Citizens in Policing – Ed Barnard

Ed represents the College in respect of the ongoing development of the Citizens in Policing Portfolio, with specific responsibility in policy areas pertaining to the Special Constabulary and Police Support Volunteers. He works closely with forces and a wide range of key stakeholders to outline and maintain national standards and, wherever practicable, to promote a nationally consistent approach to the utilisation of volunteers, highlighting interesting and innovative practice. Ed works closely with the NPCC lead and represents the College at a number of meeting forums nationwide, as well as at conferences and events.

Mental Health - Inspector Michael Brown

Following the release of the Authorised Professional Practise and Mental Health training on 10th October 2016, Michael is currently working with forces to embed the products to assist with local delivery. Another key work stream is the delivery of guidance for the use of police and other agencies regarding the use of force in mental health settings – this was published in January 2017. Michael has established a strong network with officers and professionals working in the mental health field, and he speaks regularly at conferences as a representative of the College of Policing and the National Police Chiefs' Council.

Brian Davies

Police Standards Manager for Specialist Operations - Brian Davies

Specialist Operations are responsible for the guidance and curriculum for the use of firearms, less lethal options and public order.

Brian is also the College single point of contact for mounted policing, police dogs Unmanned Aerial Systems and police interoperability.

Firearms: The College has been commissioned to undertake a review of the Codes of Practice on the Police use of Firearms and Less Lethal Weapons. The College also works with the National Police Chiefs' Council Coordinating Committee to ensure that the National Police Firearms Training Curriculum and annual command training are updated to reflect the necessary operational response to emerging threats. The College is also working on a revision of the Handbook of Police Range Safety including a consolidation of MOD guidance into a College owned product to support range licensing. The College also facilitates practitioner working groups and several POLKA communities that enable practitioners to share working practices and experience across various firearms disciplines to inform curriculum development and licensed training programmes.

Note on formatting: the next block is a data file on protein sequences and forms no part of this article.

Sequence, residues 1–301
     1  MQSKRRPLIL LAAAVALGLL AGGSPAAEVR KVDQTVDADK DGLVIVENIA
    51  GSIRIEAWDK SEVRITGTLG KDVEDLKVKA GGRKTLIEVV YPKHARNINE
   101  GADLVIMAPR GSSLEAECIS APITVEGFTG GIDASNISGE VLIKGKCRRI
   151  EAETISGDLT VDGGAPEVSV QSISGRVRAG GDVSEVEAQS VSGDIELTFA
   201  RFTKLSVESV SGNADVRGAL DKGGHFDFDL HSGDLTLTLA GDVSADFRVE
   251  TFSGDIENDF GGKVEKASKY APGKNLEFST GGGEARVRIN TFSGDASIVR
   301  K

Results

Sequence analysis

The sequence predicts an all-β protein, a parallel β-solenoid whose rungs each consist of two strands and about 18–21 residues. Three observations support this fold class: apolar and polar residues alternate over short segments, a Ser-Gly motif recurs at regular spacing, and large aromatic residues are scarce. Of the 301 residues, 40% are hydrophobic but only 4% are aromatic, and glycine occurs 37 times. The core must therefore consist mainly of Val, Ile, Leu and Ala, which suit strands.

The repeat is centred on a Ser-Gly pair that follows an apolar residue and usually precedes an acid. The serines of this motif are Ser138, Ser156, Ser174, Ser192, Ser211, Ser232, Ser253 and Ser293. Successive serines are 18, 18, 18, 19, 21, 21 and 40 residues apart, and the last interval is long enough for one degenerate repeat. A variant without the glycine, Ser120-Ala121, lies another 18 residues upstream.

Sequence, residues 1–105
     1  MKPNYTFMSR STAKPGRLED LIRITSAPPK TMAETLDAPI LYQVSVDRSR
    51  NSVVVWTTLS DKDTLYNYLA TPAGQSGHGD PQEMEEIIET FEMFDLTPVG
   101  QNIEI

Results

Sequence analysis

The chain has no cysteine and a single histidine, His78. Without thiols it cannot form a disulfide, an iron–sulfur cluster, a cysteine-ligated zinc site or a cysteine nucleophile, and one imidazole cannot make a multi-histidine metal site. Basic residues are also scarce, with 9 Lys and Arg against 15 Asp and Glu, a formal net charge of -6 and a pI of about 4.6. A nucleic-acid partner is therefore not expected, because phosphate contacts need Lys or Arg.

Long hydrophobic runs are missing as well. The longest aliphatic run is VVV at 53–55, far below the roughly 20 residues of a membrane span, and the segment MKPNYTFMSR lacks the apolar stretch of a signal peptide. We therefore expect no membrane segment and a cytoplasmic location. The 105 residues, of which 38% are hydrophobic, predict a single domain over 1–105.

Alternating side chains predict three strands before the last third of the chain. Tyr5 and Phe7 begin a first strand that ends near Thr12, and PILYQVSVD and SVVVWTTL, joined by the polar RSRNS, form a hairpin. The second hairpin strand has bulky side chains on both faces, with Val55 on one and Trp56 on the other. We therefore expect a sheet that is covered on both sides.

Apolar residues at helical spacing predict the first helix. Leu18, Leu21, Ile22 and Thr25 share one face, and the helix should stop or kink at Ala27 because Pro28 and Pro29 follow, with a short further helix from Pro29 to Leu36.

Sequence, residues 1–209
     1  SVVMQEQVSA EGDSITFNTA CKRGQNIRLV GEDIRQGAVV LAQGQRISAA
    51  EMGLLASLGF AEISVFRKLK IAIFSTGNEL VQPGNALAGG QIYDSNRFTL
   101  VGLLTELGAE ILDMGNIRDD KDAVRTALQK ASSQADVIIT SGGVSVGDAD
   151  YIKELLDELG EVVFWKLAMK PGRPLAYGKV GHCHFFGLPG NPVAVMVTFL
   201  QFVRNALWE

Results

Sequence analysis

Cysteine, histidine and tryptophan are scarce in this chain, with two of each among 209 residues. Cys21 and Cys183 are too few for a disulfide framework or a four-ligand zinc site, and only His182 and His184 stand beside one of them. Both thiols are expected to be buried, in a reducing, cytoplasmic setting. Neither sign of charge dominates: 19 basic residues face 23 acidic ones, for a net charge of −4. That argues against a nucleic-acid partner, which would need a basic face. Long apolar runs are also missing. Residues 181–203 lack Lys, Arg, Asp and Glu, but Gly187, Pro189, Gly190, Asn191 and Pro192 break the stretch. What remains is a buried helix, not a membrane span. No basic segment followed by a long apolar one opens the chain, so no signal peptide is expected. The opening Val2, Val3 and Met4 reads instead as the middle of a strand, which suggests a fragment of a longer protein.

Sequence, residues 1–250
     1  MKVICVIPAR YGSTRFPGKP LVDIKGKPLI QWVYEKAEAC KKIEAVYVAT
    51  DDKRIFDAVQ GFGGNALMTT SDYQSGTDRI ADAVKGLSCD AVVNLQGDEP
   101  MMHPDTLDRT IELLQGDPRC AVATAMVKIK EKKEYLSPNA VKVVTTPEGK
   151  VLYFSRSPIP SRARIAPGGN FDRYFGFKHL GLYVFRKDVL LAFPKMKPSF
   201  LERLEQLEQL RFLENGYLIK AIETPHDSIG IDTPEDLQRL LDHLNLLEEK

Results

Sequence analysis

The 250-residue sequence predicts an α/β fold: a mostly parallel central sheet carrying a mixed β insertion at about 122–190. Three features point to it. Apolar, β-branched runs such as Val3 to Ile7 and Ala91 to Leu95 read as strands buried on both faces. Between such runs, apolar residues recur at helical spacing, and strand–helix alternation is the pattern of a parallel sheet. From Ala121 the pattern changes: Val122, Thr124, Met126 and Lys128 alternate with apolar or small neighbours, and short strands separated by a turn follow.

Licensing Firearms Training and Ranges: The College also licence forces to deliver firearms training in line with the national curriculum and licence forces to use firearms ranges to conduct much of the training.

Conducted Electricity Device (CED): Work has begun in preparation for the future roll out of a new CED following the discontinuance of the current TASER manufactured device. This is likely to involve a wider review of CED use given the high level of press and public interest. The College will play a vital role in revising guidance and developing the training curriculum for whichever device is selected.

Public Order (PO): The College is working on identifying the resources to support the revision of the PO APP agreed by national business area lead last year. The College also works with the National Police Chiefs' Council Coordinating Committee to ensure that the National Public Order Training Curriculum and annual command training are updated to reflect the necessary operational response to protest and public safety events. The College is working on a restructure and comprehensive review of PO modules across the curriculum and will review the guidance for Police Liaison and Evidence Gathering Teams. Curriculum maintenance support will be provided to assist forces with the introduction of this revised programme. The College is engaging with dog and mounted national working groups to produce new modules in relation to command of these assets within a public order context. Public Order medic training has been reviewed and for the first time national guidance has been published in relation to minimum equipment requirements. The College facilitates several POLKA communities that enable practitioners to share working practices and experiences across various public order disciplines.

Licensing PO Training: The College also licences forces to deliver PO training in line with the national curriculum. A review is being undertaken in relation to the assessment criteria for command training up to and including Silver level. The College works with the lead for public order to ensure that emerging trends identified from the national Public Order Strategic Threat and Risk Assessment and other thematic learning areas are reflected in licensed training programmes.